Making minor deities disappear in a puff of logic since 1972
Earlier, McCain had emerged from his office in the Russell Senate Office Building around noon to a crush of reporters, saying nothing as he made his way to Boehner's office. In tow were a trio of his closest allies, Sens. Lindsey O. Graham (R-S.C.), Joseph I. Lieberman (I-Conn.) and Jon Kyl (R-Ariz.), as well as top campaign aides Rick Davis and Mark Salter.Are you friggin kidding me? McCain, now the supposed jewel of the Republican party, who just weeks ago accepted his party's nomination, who put his campaign on hold to bring everyone together about how to save the economy, couldn't be bothered to be brought up to speed about the plan proposed by members of his own party?!
Boehner and McCain discussed the bailout plan, but Republican leadership aides described the conversation as somewhat surreal. Neither man was familiar with the details of the proposal being pressed by House conservatives, and up to the moment they departed for the White House yesterday afternoon, neither had seen any description beyond news reports.
At 1:25 p.m., McCain left Boehner's office through a back door, walking across the Capitol's rotunda to the applause of tourists. Graham conceded the group knew little about the plan the nominee had come to Washington to try to shape.Wow. Simply wow. Either McCain is an incompetent boob, or his party hates him so much that they'd rather leave him out in the cold, unprepared to even talk about the plan they've been discussing!!
McCain ducked into the ornate Mansfield Room on the Senate side of the Capitol for lunch with colleagues. Douglas Holtz-Eakin, his chief economic adviser, met separately with the House Republicans' top four leaders. But aides said Holtz-Eakin did little of the talking. Instead, he was told in no uncertain terms that the deal touted in the morning had next to no support among the House Republican rank-and-file.By now it's starting to sound like McCain assumed that the deal was in the bag, that both sides had agreed to the plan, and all he had to do was show up just in time for the photo op of the deal being consummated, and he could walk away the hero, having suspended his campaign to broker the deal, bringing both sides together in a feat of bipartisan patriotism (among cries of God Bless America and "Kum-Ba-Ya")... But sadly it wasn't to be:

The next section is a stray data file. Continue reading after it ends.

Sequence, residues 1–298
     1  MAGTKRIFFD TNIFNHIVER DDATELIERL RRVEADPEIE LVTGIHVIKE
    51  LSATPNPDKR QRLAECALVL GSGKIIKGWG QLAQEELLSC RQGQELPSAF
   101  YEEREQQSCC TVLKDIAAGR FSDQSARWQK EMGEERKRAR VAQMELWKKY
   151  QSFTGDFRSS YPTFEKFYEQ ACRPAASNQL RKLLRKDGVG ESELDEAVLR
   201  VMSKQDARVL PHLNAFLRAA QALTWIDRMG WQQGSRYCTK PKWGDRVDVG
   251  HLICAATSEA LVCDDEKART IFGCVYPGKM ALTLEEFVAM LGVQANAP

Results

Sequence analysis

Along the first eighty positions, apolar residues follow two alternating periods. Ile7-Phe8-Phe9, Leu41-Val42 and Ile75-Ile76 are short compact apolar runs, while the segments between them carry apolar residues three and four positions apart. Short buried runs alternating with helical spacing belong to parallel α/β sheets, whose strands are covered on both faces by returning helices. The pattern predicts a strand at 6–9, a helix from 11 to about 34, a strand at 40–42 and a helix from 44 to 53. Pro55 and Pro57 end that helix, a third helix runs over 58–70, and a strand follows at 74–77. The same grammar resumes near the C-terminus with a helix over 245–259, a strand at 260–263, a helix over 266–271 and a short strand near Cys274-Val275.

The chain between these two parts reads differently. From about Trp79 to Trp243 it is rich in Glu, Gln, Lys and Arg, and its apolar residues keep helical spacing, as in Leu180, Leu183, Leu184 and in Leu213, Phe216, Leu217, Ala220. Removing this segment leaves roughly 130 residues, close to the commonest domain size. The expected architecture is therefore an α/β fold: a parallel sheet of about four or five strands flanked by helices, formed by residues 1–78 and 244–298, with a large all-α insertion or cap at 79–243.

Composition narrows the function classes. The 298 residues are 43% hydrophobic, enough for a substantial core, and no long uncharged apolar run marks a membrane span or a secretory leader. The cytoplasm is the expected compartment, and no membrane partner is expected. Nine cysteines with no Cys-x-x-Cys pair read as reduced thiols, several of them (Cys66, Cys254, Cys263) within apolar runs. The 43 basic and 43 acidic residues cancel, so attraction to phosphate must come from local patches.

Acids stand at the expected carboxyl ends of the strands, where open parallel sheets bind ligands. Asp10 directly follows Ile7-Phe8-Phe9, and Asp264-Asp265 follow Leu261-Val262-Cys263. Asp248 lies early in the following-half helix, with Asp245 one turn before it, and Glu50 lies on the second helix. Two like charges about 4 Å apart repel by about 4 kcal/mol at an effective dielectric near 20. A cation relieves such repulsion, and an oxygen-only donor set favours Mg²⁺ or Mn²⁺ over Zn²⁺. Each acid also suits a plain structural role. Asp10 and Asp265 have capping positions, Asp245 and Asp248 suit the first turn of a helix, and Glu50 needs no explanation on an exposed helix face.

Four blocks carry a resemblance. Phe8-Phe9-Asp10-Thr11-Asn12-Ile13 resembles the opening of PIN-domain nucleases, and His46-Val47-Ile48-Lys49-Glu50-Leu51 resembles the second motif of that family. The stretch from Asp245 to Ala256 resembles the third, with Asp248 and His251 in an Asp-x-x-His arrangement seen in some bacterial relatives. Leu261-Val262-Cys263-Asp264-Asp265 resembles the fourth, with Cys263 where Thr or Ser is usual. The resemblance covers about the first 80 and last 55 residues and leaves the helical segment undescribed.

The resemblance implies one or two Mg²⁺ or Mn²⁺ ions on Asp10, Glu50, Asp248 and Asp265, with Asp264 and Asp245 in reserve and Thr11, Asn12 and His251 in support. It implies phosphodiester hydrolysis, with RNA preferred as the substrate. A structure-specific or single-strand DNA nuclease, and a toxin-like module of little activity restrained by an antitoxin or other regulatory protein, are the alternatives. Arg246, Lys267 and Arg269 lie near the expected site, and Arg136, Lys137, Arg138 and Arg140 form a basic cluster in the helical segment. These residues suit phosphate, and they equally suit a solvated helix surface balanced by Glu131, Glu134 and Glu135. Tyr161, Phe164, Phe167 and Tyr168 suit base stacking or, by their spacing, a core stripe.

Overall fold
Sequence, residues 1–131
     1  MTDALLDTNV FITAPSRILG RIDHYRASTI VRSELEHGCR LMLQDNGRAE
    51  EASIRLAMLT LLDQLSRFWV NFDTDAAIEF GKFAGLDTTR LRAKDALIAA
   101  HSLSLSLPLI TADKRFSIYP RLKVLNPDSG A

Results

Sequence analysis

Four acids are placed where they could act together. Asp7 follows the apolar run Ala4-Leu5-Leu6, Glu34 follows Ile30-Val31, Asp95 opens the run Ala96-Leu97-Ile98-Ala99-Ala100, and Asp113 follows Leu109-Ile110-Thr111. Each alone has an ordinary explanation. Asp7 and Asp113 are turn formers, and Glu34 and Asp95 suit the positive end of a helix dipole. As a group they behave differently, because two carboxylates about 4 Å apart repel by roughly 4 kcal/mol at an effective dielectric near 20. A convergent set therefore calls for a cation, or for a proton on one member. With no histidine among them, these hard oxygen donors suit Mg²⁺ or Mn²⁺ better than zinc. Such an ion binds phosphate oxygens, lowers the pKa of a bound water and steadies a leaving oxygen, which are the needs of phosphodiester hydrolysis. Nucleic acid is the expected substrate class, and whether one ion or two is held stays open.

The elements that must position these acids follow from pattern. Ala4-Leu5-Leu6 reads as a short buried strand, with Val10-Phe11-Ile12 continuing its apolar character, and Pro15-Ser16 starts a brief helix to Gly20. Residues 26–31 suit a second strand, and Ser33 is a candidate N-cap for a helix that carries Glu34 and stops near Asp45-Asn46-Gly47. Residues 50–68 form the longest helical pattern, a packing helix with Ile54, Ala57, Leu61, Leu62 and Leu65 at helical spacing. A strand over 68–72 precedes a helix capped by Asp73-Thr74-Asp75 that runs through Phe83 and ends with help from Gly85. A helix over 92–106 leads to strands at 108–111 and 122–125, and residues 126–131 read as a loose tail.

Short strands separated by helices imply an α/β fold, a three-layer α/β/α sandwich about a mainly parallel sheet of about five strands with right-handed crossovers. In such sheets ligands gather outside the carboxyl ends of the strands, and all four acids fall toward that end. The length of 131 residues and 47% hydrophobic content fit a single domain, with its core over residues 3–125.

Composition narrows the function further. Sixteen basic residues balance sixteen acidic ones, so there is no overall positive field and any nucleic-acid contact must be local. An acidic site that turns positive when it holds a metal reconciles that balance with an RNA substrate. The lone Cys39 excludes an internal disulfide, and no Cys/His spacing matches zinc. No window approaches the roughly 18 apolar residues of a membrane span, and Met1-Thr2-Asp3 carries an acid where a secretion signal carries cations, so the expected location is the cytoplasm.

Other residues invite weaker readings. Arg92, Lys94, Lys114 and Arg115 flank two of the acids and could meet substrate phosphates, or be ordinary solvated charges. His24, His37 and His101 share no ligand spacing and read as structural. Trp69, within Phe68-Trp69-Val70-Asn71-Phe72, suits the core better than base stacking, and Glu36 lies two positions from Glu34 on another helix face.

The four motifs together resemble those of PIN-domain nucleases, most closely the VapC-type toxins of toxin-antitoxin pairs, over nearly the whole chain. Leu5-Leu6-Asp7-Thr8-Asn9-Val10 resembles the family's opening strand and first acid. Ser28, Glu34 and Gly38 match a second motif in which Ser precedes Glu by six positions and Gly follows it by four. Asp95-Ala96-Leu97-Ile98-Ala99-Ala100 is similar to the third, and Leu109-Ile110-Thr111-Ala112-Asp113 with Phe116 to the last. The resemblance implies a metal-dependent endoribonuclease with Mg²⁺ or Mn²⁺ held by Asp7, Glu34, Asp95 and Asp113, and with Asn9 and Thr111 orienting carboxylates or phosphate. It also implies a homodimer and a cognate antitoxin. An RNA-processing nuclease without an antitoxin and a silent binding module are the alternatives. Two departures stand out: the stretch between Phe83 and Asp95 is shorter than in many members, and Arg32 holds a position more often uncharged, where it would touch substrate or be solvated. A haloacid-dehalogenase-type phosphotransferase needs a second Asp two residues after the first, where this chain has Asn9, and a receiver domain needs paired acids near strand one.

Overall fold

At the White House, the gathering turned contentious when House Minority Leader John A. Boehner (R-Ohio) brought up a new set of principles that conservative House Republicans had been laid out earlier in the day."Declined to commit, huh? He suspended his campaign to go to Washington and... sit on the fence? He could have done that from the late night talk show circuit...
Boehner's move was received poorly by Obama and the other Democrats, who quickly pressed McCain to say whether he supported Boehner's position, according to a detailed account of the meeting. McCain declined to commit, one source said.
For much of the day, McCain shuttled between meetings and his Senate office, but rarely came close to the Capitol suites and committee rooms where the negotiations were taking place. He had returned to his Crystal City condominium by 6 p.m., where aides said he continued to work the phones in support of the deal.Curious, couldn't he have "called it in" from New York?
|Income||Avg. tax bill||Avg. tax bill|
|$603K and up||-$45,361||+$115,974|